Irish Lobbying Laws Create Framework for EU Legislation

By Derek Brody

When one is forced to conjure up an image of the modern political system, it is likely that the illustration is rife with corporate lobbyists, bringing about the “Swamp” narrative that has become typical of American politics. This scene, however, is not the case in Ireland, where the Irish Parliament enacted extremely strict laws on lobbying transparency. The Regulation of Lobbying Act of 2015, put into effect in September of that year, is among the strongest anti-lobbying regulations in the world.

The law itself is fairly straightforward: “Any individual, company, or NGO that seeks to directly or indirectly influence officials on a policy issue must list themselves on a public register and disclose any lobbying activity.” The legislation ensures that all data collected in relation to lobbying activities would be published every four months, with mandatory disclosure standards that include all details of clients, the extent and type of activity, and the person of primary responsibility. Initially, there were concerns about the practicality of implementation. John Carroll, CEO of the Public Relations Consultants Association, commented that “There may be challenges of interpretation, especially ‘what is a technical matter.’” These concerns have dissipated in the intervening time period, as the government bureaucracy has decided on a more standardized understanding of the legislation.

Internally, support for this kind of transparency legislation had been growing in previous years beginning with the financial collapse in 2008. The effort was further emphasized in 2011 when a new government came into office and promised to “introduce a statutory register of lobbyists.” It was not until March of 2015, however, that Ireland became the 15th country with statutory regulations regarding lobbying activities. At the time, members of the European Parliament (MEPs) argued that this legislation was unnecessary and cumbersome. These MEPs, based in Brussels, complained that watchdog legislation focused too narrowly on member attendance at meetings of Parliament. In April 2015, the Committee on Budgetary Control issued an amendment that “decried the emphasis monitoring groups place on ‘quantitative criteria’ that may provide ‘the wrong kind of incentives and generate unnecessary work.’”

The success of the Irish watchdog program, however, has changed the tone of the discussion surrounding future attempts to regulate corporate lobbying. Sherry Perreault, head of lobbying regulation at Ireland’s Standards in Public Office Commission, has traveled across the continent in an attempt to demonstrate the success of the program. “Transparency is catching hold. To see this catching fire outside of Ireland is really terrific,” Perrault said. In fact, the lobbying industry itself has spoken out in favor of the legislation. Cian Connaughton, president of the Public Relations Institute of Ireland, further emphasized this point when he stated, “Lobbying has gotten a very bad name because of the actions of some individuals. What the register has done is clarify to people what is happening, who is doing what. The fact that the new regime has hopefully increased people’s trust in the system, it’s a big plus.”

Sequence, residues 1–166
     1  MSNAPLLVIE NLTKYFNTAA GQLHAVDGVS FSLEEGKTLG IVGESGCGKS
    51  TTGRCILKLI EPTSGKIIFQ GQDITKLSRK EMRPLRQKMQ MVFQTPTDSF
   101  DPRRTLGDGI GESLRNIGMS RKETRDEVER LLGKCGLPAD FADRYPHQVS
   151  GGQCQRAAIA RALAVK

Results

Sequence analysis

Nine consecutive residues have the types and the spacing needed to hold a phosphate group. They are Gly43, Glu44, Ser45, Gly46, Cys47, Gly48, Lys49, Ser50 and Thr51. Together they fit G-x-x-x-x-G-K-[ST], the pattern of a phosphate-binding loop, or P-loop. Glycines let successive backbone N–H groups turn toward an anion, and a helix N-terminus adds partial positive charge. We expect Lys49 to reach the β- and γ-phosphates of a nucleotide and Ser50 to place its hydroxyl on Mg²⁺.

Large parts of the Irish regulations were based off those already present in Canada, which first enacted lobbying laws in 1989. Canada has strengthened those laws four times since the original enactment, suggesting that this is a quickly-evolving industry that requires continual supervision. Using the basis of the Canadian system, the Irish law uses an extremely broad definition of the term “lobbyist,” referring to anyone who “employs more than 10 individuals, works for an advocacy body, is a professional paid by a client to communicate on someone else’s behalf or is communicating about land development.” The expansive nature of the legislation’s wording means that it also applies to NGOs and other civil society organizations, rather than being limited to groups representing multinationals or local industries.

As the European continent has been ravaged with allegations of corruption in the polity, requests for legislation similar to that of Ireland are becoming commonplace. Transparency International EU, an NGO that campaigns against corruption, has been calling on EU countries to enact similar policies. According to the organization, members of the Social Democratic Party in Spain, Italy, and Germany have begun discussions on possible legislation. Likewise, the bold “Sapin Law” is currently in the process of being rolled out in an attempt to eliminate much of the negative stigma surrounding the policy. The regulations are inconsistent across countries, however, with Ireland’s standing above the fray as the strictest. Some countries require disclosures of money, while others do not. Likewise, the definition of “lobbyist” varies widely across country lines, creating uncertainty when dealing with multinational organizations.